Between 2010 and 2015 births to Muslims were 31 per cent of babies born worldwide, far exceeding the Muslim 24 per cent share of the world's population.
The high birth rate among Muslims cements its status as the world's fastest-growing religion, with births to Muslims making up around 31% of total global births between 2010 and 2015, despite Muslims making up only around 24% of the global population. Between 2010 and 2015, an estimated 223 million babies were born to Christian mothers and roughly 107 million Christians died - a natural increase of 116 million. "In recent years, Christians have had a disproportionately large share of the world's deaths (37 percent) - in large part because of the relatively advanced age of Christian populations in some places", like Europe, Pew reported.
Although Christians accounted for 33 per cent of global births in recent years - slightly more than Muslim births - they also accounted for 37 per cent of worldwide deaths, almost twice the share of deaths from other religions.
While Christianity is growing in sub-Saharan Africa and other parts of the world, Christians are generally older and are dying at a faster rate than Muslims - particularly in Europe, the study's authors conclude. Globally, however, the effect of religious switching is overshadowed by the impact of differences in fertility and mortality.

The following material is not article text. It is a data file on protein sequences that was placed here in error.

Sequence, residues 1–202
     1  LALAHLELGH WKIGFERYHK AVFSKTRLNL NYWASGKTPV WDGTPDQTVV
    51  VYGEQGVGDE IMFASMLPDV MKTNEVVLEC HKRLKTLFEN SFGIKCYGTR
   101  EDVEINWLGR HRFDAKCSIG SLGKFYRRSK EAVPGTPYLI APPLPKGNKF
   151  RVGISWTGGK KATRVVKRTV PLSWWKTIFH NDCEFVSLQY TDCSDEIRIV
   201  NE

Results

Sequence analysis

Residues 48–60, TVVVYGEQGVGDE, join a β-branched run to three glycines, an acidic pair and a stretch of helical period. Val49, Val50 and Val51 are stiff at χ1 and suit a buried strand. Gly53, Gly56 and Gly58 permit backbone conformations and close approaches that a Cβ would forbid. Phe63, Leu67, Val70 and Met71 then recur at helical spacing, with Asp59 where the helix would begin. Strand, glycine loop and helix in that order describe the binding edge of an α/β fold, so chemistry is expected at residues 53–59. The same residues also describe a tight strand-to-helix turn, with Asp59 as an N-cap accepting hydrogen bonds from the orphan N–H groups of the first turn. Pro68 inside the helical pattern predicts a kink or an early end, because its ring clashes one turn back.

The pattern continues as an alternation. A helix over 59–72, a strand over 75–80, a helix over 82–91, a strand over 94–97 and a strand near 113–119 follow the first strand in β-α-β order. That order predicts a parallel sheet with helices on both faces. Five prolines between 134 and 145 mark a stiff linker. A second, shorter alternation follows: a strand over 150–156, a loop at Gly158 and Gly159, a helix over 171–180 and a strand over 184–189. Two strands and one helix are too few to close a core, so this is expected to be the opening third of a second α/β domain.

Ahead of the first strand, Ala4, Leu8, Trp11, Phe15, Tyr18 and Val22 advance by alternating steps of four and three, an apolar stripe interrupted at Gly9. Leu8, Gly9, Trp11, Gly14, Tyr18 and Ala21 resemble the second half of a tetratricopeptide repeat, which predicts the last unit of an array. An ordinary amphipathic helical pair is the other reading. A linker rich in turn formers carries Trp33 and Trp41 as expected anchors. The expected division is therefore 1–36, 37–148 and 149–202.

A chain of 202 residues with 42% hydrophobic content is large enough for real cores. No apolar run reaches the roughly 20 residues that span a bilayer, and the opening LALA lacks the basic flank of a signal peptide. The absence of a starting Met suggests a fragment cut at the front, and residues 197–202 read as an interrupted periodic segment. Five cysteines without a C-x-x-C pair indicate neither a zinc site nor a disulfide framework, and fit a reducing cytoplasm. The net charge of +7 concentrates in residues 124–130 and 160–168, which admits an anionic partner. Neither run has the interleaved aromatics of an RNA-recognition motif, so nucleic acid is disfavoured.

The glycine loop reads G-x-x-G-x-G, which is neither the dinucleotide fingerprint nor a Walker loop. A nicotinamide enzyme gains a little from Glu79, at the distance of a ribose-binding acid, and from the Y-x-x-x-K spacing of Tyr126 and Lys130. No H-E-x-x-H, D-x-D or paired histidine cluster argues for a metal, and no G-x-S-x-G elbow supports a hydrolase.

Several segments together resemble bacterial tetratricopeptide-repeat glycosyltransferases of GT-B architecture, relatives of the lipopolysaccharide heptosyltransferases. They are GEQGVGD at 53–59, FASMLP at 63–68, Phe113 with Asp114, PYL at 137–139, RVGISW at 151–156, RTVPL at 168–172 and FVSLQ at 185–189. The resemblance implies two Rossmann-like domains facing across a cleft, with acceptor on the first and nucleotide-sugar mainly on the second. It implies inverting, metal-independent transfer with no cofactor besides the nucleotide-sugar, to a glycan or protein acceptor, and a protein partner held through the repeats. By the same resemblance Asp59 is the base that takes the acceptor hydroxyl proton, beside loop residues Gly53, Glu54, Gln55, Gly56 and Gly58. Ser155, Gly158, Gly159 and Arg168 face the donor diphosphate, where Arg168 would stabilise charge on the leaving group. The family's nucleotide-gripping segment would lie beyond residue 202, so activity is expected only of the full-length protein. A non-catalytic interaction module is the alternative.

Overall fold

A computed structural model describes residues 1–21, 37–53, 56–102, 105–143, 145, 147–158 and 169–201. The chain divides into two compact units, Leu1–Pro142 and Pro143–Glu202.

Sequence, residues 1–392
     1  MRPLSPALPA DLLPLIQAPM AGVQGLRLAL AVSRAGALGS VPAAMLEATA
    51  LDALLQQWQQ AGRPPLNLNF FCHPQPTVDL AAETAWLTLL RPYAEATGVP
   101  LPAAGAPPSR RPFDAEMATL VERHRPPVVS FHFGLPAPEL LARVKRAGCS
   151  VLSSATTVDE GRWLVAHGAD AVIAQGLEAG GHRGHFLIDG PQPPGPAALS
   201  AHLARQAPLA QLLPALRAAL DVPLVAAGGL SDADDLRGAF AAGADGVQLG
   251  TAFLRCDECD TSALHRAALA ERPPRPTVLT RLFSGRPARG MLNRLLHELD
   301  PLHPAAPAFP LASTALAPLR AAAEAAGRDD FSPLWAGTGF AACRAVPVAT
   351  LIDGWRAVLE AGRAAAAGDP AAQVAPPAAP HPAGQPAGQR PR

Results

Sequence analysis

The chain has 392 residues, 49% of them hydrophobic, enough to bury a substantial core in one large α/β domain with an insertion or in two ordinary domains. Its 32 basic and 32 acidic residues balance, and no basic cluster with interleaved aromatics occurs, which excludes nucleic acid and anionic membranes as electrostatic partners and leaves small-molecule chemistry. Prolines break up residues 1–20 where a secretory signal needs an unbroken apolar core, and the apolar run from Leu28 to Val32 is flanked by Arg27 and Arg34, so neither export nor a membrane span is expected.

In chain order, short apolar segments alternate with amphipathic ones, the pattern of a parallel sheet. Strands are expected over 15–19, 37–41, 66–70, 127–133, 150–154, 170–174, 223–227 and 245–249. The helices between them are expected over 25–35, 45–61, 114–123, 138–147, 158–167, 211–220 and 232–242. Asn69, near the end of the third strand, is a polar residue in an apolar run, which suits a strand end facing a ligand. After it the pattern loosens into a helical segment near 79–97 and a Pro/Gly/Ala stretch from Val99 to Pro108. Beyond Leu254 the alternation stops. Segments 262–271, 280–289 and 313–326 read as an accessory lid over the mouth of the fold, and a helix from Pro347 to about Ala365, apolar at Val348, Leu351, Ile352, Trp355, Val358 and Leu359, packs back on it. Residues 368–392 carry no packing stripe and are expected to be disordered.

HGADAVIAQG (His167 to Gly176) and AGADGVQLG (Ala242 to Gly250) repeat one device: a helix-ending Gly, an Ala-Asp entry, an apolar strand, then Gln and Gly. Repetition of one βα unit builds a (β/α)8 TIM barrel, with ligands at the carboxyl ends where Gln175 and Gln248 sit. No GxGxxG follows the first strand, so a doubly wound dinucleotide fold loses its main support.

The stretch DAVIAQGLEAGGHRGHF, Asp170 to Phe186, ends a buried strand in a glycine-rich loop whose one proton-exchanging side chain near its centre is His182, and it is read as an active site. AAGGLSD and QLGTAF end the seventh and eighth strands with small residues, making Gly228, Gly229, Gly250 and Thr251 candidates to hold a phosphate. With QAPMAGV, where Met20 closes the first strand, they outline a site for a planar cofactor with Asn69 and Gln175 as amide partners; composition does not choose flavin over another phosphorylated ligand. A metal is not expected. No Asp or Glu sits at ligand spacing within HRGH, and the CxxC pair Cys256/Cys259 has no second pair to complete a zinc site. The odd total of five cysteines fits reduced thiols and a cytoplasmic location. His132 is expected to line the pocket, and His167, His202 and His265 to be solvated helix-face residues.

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But the Pew report predict a reversal of that pattern by 2060, when Muslim mothers are projected to give birth to 232 million babies, about six million more than their Christian counterparts. In Germany, the UK, Italy, Russia and France, there were at least 250,000 more Muslim births than deaths in each country over the period.
People who are not affiliated with any religion make 16 percent of the global population.
NEW YORK (AP) In recent years, Christians have had more babies than any other religious group worldwide.
In contrast with this baby boom among Muslims, people who do not identify with any religion are experiencing a much different trend.
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Hindus will witness a "dramatic" drop-off in births between 2055 and 2060 due to declining fertility in India, which is home to 94 per cent of the community's global population, according to a new Pew research.
The study warns its forecasts are based upon current population trends and that events such as scientific discoveries, armed conflicts and changing economic conditions could change the numbers.
By 2055 to 2060, just 9 per cent of all babies will be born to religiously unaffiliated women, while more than seven-in-ten will be born to either Muslims (36 per cent) or Christians (35 per cent). The median age for the world's remaining religions is higher still.
While religiously unaffiliated people now make up 16 per cent of the global population, only an estimated 10% of the world's newborns between 2010 and 2015 were born to religiously unaffiliated mothers. However, they only produce 10 percent of the world's babies.
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